Getting More from Corn—Kernel to Stalk

Ethanol Producer Magazine editor Tom Bryan reflects on the top articles from the publication's August issue, including the quest to maximize distillers corn oil recovery and the grand opening of Verbio's RNG and soon-to-be corn biorefinery in Iowa.
By Tom Bryan | July 20, 2022

A good source, Bill Griffiths of Flottweg, reminds us in this issue that while corn biorefining is becoming ultra-advanced, the grain’s utilization journey is still nascent, similar to where fossil fuels were 120 years ago. “Before cars were really a thing, they just wanted to get the kerosene out to light lamps,” Griffiths tells us in “More Ways to Max Out DCO,” starting on page 16. We’ve heard that analogy for years, but it still rings true. The corn kernel—indeed, the whole corn plant—is on a similar path as petroleum refining, but in an ultra-low-carbon way. And ethanol might just be our lamp oil—a gateway to myriad higher-value products.

We’re seeing this already, of course with coproducts like protein and distillers corn oil (DCO) starting to financially outperform ethanol. Record-high DCO prices—80 cents a pound in some markets—are motivating ethanol producers to explore all available options to maximize recovery. And, man, are they ever doing it. Fluid Quip and Green Plains are together achieving as much as 1.4 pounds of DCO per bushel at a facility in Nebraska using the companies’ latest technology. Other producers are hitting very high numbers, too, not just through improved mechanical means, but by leveraging control points, optimizing foulant prevention, deploying informed enzymatic strategies and disciplined operational audits. This “no-stone-left-unturned” approach is not only boosting DCO yield but improving overall plant performance.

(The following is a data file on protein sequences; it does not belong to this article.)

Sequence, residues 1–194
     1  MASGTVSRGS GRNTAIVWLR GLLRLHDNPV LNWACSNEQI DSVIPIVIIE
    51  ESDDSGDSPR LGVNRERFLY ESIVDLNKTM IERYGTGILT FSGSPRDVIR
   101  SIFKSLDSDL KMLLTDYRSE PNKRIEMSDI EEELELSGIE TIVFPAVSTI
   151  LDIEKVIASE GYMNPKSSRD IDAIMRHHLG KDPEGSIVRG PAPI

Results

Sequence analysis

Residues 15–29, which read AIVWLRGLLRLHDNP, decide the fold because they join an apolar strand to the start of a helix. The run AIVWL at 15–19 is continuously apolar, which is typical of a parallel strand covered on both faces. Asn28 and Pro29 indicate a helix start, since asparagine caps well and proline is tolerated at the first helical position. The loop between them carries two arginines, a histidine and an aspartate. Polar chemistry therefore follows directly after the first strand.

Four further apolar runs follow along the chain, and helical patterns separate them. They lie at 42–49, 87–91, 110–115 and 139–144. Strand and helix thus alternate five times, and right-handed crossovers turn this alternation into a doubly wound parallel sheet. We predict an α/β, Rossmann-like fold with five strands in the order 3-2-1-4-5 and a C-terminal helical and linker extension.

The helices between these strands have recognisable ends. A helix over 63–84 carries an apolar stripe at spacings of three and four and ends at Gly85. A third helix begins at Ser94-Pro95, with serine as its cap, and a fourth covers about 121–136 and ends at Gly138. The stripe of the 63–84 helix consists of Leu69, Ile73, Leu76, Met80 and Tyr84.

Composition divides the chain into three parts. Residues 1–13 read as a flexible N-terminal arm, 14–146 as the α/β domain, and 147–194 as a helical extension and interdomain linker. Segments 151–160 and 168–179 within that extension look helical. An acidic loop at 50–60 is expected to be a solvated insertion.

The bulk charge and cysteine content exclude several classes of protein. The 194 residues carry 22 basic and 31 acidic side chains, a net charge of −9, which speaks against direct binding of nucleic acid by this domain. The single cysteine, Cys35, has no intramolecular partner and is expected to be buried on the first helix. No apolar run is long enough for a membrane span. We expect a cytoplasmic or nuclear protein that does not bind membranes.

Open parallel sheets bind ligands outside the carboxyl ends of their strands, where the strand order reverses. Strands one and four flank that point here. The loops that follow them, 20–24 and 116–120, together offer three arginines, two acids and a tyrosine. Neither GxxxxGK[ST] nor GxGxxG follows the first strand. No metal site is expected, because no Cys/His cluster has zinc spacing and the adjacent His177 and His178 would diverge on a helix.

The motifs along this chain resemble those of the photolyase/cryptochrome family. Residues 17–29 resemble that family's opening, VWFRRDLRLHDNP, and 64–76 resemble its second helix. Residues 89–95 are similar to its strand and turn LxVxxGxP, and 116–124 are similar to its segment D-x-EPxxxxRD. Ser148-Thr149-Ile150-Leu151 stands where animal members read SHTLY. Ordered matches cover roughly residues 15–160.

As alluded to above, it’s not just the corn kernel that we’re getting better at refining, but the whole corn plant. Following the tumultuous corn stover ethanol production efforts of the past decade—which we are not giving up on, by the way—a German company has reinvented the site of DuPont’s former cellulosic biorefinery in Nevada, Iowa. That campus is becoming a diversified biorefinery that will soon utilize almost the entire corn plant. And they’re not starting with the kernel.

As we report in “Verbio’s Grand Opening,” on page 24, the company named in the headline is already producing renewable natural gas (RNG) from corn stover, and intends to start processing corn itself—the kernel—to make ethanol. When that happens, thin stillage from the ethanol operation will be used as a supplementary RNG feedstock alongside stover. In true biorefining fashion, the plant will not only produce well-known products like DCO but less common outputs like nitrogen fertilizer and, eventually, synthetic natural gas from CO2.

Time will tell what happens at Verbio, but even as an integrated cellulosic RNG/corn ethanol facility, the operation would be one of the fullest extractions of value from corn, kernel to stalk, ever built. It’s also an encouraging continuation of the bold corn stover logistics effort started in the Nevada area years ago. Picking up where its predecessors left off, Verbio is acquiring its stover within a 45-mile radius of the plant, not only contracting the necessary acres and paying by the bale, but carrying the cost of collecting, baling and transporting the feedstock to the biorefinery.

Iowa Gov. Kim Reynolds, who attended the biorefinery’s grand opening in May, called it a “remarkable testament to the countless uses of corn and how many more are just waiting to be discovered and unleashed.”

Governor, we agree.

Author: Tom Bryan
President & Editor, BBI International